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3 things you should know about religious freedom and the church in China

Refined by the fire. This has been the history of the church in China. Since the rise of the atheist Communist Party, Chinese Christians have faced incredible persecution at the hands of their government. Yet, the church has persisted and its numbers have grown exponentially. Today, the Chinese church is thought to have anywhere from 70 to 115 million members.

Over the last 30 years, the Communist Party has gradually released its grip on religious groups, allowing many underground churches to begin to peek their heads up from their hiding places, even buying church buildings, putting up crosses, and building websites.  

But over the last few months, a shift back toward a strict centralized control of religion has occurred. Here are three things you should know about the new threats to religious liberty that our Chinese brothers and sisters in Christ are facing today.

1. In the name of national security, the Chinese government is once again clamping down on religious freedom.

This fall the Chinese government passed a new set of rules regulating religious affairs. The regulations, which will be implemented beginning February 2, place severe restrictions on unregistered religious groups.

Christianity Today details the new regulations:

In September, China finally nailed down religious restrictions introduced last year. The numerous regulations, made in the name of national security, prohibit unregistered groups from teaching about religion or taking part in trainings or meetings outside the country (like the Thailand conference), beginning in February 2018.

In addition, no religious activities—including the publication of religious materials, the acceptance of donations, any international religious exchanges, and renting space to an unregistered church—can happen without the approval of the State Administration for Religious Affairs (SARA). (. . .)

The new rules come down especially hard on religious schools—requiring them to apply for government approval, have their own funding and facilities, and hire full-time staff

The Chinese government claims that these new regulations are necessary to protect against Islamic extremism, but Christian leaders fear their effect will force the church back underground. The vast majority of churches in China today are unregistered in order to protect themselves from the control and influence of the communist government, so the new regulations are sure to drastically affect the church.   

2. In the name of poverty alleviation, Chinese Christians are being told to look to President Xi Jinping for salvation, not Jesus.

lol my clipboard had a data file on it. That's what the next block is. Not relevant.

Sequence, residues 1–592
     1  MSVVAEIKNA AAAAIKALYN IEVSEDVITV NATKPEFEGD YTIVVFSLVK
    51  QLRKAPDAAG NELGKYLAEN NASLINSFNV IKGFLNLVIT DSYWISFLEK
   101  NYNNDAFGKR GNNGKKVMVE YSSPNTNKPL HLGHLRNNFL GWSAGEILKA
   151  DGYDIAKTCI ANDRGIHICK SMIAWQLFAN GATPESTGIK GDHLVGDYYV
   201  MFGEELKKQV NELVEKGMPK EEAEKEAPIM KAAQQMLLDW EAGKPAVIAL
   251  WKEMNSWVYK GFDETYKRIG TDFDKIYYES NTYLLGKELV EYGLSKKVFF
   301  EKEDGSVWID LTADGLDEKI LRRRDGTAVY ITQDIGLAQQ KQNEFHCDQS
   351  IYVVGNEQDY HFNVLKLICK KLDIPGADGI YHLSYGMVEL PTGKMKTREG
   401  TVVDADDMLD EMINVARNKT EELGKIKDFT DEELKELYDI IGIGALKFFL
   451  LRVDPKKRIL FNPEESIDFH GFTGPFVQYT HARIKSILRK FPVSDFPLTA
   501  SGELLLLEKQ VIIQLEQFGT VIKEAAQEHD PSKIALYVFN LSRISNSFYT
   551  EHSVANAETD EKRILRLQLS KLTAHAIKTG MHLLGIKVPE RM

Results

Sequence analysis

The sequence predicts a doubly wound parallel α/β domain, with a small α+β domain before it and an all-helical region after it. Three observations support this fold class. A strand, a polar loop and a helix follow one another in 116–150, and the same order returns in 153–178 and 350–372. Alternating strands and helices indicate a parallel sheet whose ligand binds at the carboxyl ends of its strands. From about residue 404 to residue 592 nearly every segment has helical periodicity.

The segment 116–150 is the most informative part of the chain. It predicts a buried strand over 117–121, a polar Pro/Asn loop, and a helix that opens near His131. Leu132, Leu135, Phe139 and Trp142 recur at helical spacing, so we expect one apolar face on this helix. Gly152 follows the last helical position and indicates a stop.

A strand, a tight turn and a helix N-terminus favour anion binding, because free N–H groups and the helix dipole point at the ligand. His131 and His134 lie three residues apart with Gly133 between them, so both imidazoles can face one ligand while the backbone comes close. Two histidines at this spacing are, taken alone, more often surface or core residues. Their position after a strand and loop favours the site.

A disturbing campaign against religious liberty is underway in rural China. Local officials have begun “educating” rural impoverished villagers that their faith will not save them, but that President Xi Jinping will.

Communist Party members involved with poverty alleviation efforts believe that by clinging to their faith, rather than relying on the resources given by the Communist Party, rural Christians will remain in poverty. One official is on record as saying, “Many rural people are ignorant. They think God is their savior. After our cadres’ work, they’ll realize their mistakes and think: We should no longer rely on Jesus, but on the party for help.”

In several areas, local Party officials have gone door to door “asking” villagers to remove all Christian items from their home and replace them with images of President Xi.  

The Washington Post reports:

A social media account in Jiangxi province’s Yugan county said villagers had “willingly” removed 624 posters showing Christian religious sayings and images, and replaced them with 453 images of Xi. The move, while still on a small scale, harks back to the personality cult surrounding Communist China’s first leader, Mao Zedong, whose picture was in every home.

In the latest campaign, party members involved in poverty alleviation toured villages telling people how the party was supporting agriculture and removing poverty, “melting the hard ice in the hearts of religious believers” and “helping turn them into believers in the party.”

The cult of personality developing around Chinese President Xi Jinping seems to harken back to the era of Mao Zedong, the infamous first leader of the Communist Party of China. As President Xi consolidates power, there are new fears that Christians will face extreme persecution in China once again.

3. The Chinese church is as vibrant as ever.

Despite the mounting adversity Chinese Christians are facing, the church is thriving and has set its focus of exporting missionaries throughout the world.

This fall, 1,200 Chinese youth attended a global missions conference in Thailand, and 300 of them committed to becoming full-time missionaries. The organization that sponsored the conference, Mission China, is a collective of unregistered churches that seeks to send out 20,000 missionaries by 2030.

Chinese Christians are streaming into some of the areas most hostile to the gospel, like the Middle East. Just this past June, two Chinese Christian missionaries in Pakistan were kidnapped and murdered by the Islamic State, drawing new attention and scrutiny from leaders in Beijing.

Chinese Christians have endured decades of persecution, and through it all, the Church has continued to grow in grace and in numbers. In fact, numerous missionaries tell stories about the persecuted Church in China, the Middle East, and elsewhere praying for the church in the West to be persecuted so that it will awaken from its stagnation and slumber.

May we learn from our brothers and sisters in Christ in China so that we might pray for them and learn from their example.

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